Give me a $20 course and I dont care that there are few bunkers or small greens or the view isnt picture-perfect. The kid I see there just might be a future LPGA star.
Email your thoughts to George White
What's in the bag: CareerBuilder winner Rahm
Jon Rahm defeated Andrew Landry in a playoff to earn his second PGA Tour title at the CareerBuilder Challenge. Here's what's in his bag:
Driver: TaylorMade M4 (9.5 degrees), with Aldila Tour Green 75 TX shaft
Fairway wood: TaylorMade M3 (19 degrees), with Aldila Tour Green 75 TX shaft
Irons: TaylorMade P790 (3), P750 (4-PW), with Project X 6.5 shafts
Wedges: TaylorMade Milled Grind (52, 56 degrees), Milled Grind Hi-Toe (60 degrees), with Project X 6.5 shafts
Putter: TaylorMade Spider Tour Red
Ball: TaylorMade TP5x
Strange irked by Rahm-Landry friendly playoff
Curtis Strange knows a thing or two about winning golf tournaments, and based on his reaction to the CareerBuilder Challenge playoff on Sunday, it’s safe to say he did things a little differently while picking up 17 PGA Tour victories in his Hall-of-Fame career.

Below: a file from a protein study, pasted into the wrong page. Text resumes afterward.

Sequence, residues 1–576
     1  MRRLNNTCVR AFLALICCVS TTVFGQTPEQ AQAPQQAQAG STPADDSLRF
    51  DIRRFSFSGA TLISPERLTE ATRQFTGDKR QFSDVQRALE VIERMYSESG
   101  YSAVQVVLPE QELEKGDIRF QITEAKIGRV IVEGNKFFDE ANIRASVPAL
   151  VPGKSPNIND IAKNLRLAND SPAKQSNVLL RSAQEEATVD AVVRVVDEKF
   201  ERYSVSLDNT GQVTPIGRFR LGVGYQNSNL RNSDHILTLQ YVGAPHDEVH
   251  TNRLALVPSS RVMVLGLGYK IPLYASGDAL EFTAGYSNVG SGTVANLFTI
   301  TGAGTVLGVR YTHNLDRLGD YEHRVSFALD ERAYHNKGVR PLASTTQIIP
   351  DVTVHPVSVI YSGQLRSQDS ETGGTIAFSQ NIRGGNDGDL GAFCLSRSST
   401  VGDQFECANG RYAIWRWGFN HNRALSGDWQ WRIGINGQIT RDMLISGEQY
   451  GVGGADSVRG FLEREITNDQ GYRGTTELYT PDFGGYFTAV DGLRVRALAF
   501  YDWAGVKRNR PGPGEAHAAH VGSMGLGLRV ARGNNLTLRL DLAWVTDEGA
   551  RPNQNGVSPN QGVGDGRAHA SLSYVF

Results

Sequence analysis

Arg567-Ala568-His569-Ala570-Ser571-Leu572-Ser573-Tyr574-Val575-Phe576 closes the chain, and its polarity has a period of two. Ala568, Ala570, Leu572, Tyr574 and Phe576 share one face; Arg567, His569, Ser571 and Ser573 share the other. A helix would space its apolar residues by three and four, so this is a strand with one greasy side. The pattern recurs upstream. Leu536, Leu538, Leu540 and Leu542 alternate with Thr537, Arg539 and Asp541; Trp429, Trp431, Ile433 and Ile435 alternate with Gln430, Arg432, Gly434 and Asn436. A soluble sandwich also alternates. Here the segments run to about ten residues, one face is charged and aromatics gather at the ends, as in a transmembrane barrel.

While Jon Rahm and Andrew Landry were “battling” through four extra holes, Strange, 62, tweeted his issues with the duo’s constant chit-chat and friendly banter down the stretch at La Quinta Country Club, where Rahm eventually came out on top.
Watching Andrew Landry and Jon Rahm in playoff. Walking off tee talking to each other. Are you kidding me ? Talking at all. ?— Curtis Strange (@golf_strange) January 22, 2018
The two-time U.S. Open champ then engaged with some followers to explain his point a little more in depth.
0 words— Curtis Strange (@golf_strange) January 22, 2018
The issue is I don’t want to make you a bit relaxed or comfortable. High pressure, good.— Curtis Strange (@golf_strange) January 22, 2018